WiFi will soon again be taking to American skies. Boeing had
offered its Connexion WiFi service in the past, but customers just didn't warm
up to its pricing ($10 for one hour of access, $15 for two hours and $27
unlimited access). Boeing announced in August that it would discontinue the
service and began offering customers free WiFi access
from October 2 until Connexion was finally shut down on December 31.
It looks as though air travelers may once again have the
option to use WiFi aboard American airliners thanks to renewed
interest from airlines and communications providers. AirCell spent $31
billion USD in 2006 for a portion of the radio spectrum for cell phone and
AirCell also notes that the equipment necessary for
outfitting an existing airliner will only add 100 pounds and can be installed
overnight by airline crews. The downside, however, is that equipment costs are
likely to be around $100,000 USD per plane.
Luckily for air passengers who choose to use AirCell's
service, connection speeds and WiFi performance will be similar to existing
ground-based systems and discounts will be offered to customers of T-Mobile, iPass
and Boingo services. AirCell is also trying to avoid the pricing problems that
Boeing ran into with its Connexion service -- it will charge no more than $10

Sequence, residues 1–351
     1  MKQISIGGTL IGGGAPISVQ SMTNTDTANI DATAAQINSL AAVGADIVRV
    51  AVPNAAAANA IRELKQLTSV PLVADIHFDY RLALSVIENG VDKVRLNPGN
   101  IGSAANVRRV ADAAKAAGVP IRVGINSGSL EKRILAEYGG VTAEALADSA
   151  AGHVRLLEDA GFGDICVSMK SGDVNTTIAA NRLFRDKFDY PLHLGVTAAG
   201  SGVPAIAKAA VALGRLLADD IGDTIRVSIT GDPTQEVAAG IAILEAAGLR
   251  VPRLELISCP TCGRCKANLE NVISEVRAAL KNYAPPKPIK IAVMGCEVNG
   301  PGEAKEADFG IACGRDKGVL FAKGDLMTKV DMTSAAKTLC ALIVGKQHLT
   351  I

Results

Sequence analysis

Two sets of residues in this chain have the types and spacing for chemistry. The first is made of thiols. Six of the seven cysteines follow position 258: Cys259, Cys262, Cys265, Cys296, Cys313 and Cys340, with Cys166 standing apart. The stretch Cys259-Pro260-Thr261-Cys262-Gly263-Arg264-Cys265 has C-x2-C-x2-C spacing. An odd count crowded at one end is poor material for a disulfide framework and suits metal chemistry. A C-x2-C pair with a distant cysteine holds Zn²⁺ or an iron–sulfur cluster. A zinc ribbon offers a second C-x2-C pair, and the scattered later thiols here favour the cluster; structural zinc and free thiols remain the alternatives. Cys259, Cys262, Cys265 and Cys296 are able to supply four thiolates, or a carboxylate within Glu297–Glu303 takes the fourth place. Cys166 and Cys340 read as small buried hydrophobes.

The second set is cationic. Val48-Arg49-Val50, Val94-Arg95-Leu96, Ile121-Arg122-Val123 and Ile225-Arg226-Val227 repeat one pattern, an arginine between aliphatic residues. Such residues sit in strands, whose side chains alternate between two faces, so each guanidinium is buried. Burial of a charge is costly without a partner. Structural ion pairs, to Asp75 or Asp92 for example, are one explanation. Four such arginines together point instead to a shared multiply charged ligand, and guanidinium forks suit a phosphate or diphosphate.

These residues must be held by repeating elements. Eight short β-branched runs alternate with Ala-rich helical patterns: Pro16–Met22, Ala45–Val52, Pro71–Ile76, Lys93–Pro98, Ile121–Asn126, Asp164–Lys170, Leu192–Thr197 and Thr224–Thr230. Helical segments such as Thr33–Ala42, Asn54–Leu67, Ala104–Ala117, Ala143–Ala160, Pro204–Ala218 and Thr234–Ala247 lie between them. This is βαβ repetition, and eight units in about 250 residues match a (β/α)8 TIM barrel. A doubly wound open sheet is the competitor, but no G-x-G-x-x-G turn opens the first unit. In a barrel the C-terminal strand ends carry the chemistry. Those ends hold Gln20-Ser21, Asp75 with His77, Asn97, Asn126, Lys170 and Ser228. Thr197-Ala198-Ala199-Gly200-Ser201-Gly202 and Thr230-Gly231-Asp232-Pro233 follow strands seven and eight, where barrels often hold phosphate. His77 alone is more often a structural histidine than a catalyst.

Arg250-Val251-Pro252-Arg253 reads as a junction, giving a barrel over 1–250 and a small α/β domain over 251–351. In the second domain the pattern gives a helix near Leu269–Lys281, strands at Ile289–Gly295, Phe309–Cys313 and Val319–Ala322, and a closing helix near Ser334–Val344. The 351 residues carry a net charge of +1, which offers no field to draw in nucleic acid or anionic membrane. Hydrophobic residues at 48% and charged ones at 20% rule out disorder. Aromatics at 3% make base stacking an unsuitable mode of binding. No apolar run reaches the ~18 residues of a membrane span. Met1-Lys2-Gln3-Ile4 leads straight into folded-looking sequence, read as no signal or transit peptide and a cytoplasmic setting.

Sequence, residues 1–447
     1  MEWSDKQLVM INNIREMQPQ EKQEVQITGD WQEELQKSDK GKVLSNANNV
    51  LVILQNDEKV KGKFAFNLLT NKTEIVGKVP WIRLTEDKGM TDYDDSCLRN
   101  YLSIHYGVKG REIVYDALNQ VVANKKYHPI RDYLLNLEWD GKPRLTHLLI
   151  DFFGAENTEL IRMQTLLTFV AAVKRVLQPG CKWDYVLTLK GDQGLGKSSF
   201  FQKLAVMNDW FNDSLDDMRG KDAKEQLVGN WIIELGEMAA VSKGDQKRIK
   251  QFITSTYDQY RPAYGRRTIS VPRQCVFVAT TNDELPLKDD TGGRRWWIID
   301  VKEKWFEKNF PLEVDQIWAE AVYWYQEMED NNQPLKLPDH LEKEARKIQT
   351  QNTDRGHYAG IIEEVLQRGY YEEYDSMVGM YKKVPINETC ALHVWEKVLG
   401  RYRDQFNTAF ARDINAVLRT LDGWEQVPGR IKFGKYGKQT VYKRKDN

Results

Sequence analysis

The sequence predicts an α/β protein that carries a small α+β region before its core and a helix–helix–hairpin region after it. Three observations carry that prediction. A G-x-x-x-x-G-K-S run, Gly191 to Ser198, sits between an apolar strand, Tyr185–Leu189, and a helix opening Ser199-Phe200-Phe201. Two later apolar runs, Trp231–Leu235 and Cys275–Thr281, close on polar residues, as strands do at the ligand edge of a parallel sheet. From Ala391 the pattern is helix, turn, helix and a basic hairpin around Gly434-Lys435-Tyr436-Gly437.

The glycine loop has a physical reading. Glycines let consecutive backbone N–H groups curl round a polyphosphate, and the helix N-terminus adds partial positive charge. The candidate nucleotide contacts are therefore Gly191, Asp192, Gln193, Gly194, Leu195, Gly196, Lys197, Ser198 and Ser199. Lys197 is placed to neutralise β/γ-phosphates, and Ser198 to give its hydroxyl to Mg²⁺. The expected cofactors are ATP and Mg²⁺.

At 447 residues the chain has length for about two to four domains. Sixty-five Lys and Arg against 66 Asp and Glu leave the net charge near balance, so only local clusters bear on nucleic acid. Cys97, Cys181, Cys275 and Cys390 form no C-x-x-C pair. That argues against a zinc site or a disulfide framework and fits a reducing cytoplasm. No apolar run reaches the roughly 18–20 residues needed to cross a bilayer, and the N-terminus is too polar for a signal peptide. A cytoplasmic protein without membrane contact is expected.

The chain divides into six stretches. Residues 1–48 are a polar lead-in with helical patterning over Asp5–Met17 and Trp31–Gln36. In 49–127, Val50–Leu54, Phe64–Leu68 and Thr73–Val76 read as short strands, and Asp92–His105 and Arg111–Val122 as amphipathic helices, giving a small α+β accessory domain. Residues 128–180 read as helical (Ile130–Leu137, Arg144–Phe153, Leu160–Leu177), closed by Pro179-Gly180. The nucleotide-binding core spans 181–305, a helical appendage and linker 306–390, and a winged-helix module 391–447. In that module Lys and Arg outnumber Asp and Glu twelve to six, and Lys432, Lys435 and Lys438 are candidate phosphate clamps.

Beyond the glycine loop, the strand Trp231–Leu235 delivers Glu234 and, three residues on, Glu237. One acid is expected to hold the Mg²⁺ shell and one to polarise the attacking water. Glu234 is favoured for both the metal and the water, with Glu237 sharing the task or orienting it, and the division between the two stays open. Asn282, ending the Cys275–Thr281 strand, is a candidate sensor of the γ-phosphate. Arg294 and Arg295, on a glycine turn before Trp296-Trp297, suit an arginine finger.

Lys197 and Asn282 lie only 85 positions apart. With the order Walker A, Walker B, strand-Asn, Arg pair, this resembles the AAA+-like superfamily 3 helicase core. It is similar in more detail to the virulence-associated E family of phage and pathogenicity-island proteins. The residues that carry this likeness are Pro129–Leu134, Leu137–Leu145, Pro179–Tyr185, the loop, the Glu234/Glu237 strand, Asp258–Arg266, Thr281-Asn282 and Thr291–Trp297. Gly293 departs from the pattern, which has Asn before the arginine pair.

per day to passengers for unlimited service.
AirCell's WiFi service will include Internet, email, VPN, SMS and IM
access. The service will be available coast to coast and will offer
DSL-like speeds and AirCell will provide email receipts for business
While WiFi may be a viable option to air passengers in
the near future, don't bet on using cell phones in the air anytime soon.
Complaints from air passengers along
with FCC regulations have so far kept that idea at bay. And for those of
you thinking to use AirCell's WiFi connection to make VoIP calls while in the air,
guess again. The company says it will block VoIP services such as Skype through
Boeing recently nixed its idea to
provide wireless networking for its 787 Dreamliner. The wireless networking
equipment that it planned to use would have added 200 pounds to the weight of
the aircraft. The company instead decided to use wired networking which saves
roughly 150 pounds. The company was also worried about regulatory issues when
using wireless technology in certain countries.